As per an Economic Times report, FIIs have increased their stake in 25 out of the 30 Sensex companies during the September 2010 quarter. And this has, quite logically, driven up the prices of these stocks. For example, HDFC Bank saw a large rise in FII ownership during the quarter. As a consequence, its stock is up nearly 30% over a mere three month period. At the same time, RIL saw a fall in FII shareholding, thus causing an over 9% fall in its price. Such instances draw light to two blatant facts, which when put together, reveal a discomforting picture.

One, FII buying or selling has an overwhelming effect on stock prices of Indian companies. Two, FIIs are an impulsive and capricious lot. The fundamentals of India and its companies do not change very drastically from time to time. But the herd driven buying and selling from FIIs does. The current tide is in favour of stock prices. However, this does not mean that this will always continue to be the case going forward. Hence, investors need to wait for the right time to buy stocks at attractive prices. And not base their investment decisions on what the FIIs are doing.

Here's another one on the Quantitative Easing II or the QE2 as it is popularly known these days. The US economy is counting on this new effort to get itself out of the woods. However, a write up on seems to have thrown some cold water on these expectations. It argues that QE2 is just another bank bailout plan and not a main street recovery plan. The write up goes on to say that the US Fed has misread the problem facing the US economy in a big, big way. Bernanke thinks that the US is facing a banking crisis. However, in reality what the country faces is not a banking crisis but rather a household balance sheet recession. Here, people are hell bent on reducing their leverage and hence, will not borrow no matter how much quantitative easing is done by the US Fed. Thus, the new round of easing is nothing but another trillion dollars or may be more gone down the drain. Our view is certainly not very different from this.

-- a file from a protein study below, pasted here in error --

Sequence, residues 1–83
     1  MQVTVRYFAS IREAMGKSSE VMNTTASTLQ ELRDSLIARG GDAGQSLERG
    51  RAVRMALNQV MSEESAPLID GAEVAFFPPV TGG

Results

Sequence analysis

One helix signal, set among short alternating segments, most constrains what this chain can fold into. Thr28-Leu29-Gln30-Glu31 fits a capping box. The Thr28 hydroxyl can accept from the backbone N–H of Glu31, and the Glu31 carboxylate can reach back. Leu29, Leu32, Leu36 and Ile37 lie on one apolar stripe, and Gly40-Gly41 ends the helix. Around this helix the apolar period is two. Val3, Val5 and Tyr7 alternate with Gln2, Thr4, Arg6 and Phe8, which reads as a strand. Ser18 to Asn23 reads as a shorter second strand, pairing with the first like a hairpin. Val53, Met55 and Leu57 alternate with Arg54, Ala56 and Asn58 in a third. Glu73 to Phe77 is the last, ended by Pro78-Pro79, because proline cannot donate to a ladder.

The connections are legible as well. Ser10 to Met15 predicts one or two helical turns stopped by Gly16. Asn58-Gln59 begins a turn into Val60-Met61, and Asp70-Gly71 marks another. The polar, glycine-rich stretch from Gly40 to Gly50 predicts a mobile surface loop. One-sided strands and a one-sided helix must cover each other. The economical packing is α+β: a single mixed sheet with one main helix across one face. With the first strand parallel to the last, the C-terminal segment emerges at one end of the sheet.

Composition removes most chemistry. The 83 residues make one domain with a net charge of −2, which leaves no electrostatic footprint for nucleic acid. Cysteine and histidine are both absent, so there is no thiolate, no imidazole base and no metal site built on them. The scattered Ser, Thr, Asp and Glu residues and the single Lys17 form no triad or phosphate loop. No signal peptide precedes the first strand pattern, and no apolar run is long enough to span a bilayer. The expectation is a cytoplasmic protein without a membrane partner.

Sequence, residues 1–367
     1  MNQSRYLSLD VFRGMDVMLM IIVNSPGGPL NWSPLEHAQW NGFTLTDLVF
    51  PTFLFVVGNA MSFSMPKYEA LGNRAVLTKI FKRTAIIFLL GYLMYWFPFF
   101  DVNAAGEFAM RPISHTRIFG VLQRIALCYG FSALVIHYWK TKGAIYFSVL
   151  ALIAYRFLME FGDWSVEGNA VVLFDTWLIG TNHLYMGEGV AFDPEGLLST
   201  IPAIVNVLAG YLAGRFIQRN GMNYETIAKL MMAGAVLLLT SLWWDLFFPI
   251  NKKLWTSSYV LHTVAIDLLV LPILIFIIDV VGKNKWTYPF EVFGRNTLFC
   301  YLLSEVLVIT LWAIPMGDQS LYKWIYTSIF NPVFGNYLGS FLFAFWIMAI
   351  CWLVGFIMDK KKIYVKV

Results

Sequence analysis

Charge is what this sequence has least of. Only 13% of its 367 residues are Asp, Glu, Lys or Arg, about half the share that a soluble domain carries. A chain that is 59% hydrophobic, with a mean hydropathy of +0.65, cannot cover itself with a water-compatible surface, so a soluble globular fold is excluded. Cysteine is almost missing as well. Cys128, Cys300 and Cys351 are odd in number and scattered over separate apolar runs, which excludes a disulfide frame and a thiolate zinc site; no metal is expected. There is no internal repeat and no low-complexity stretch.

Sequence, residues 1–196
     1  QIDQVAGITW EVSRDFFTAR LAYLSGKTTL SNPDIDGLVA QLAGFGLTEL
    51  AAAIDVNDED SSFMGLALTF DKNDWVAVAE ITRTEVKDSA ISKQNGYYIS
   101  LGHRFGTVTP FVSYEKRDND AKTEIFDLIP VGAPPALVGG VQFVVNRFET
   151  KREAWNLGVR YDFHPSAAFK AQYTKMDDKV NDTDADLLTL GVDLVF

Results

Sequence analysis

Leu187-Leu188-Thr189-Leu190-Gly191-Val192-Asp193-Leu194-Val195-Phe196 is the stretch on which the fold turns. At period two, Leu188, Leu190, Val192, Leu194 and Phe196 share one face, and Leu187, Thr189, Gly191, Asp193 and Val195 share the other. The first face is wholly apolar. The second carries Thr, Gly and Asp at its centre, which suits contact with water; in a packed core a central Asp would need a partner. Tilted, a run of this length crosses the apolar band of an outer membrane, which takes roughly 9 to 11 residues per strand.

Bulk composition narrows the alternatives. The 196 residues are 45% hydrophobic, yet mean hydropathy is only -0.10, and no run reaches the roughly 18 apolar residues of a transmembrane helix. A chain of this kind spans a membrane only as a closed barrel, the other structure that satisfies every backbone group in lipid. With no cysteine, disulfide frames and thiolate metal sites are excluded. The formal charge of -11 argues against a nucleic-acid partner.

Since the onset of the crisis, China has been in the limelight of the world stage. While the developed world has been reeling under pressure, China's growth numbers have been spectacular. A 9.6% growth in GDP is considered as slow for China. Economists and experts feel that China will lead the world out of the slowdown. True, it accounts for nearly one fifth of the world's GDP growth. But its markets only account for 1-2% of the world's GDP. While Chinese markets play a vital role to its immediate neighbors, the exports from other countries to China only contribute 1-2% towards their own GDP. While it is true that exports have a rippling effect in the economic development of the country, however, the ripple benefit alone will not lead to a very spectacular growth for the country. Therefore, while China will certainly contribute towards global recovery, it does not appear that it alone can also pull all the countries out of their miseries.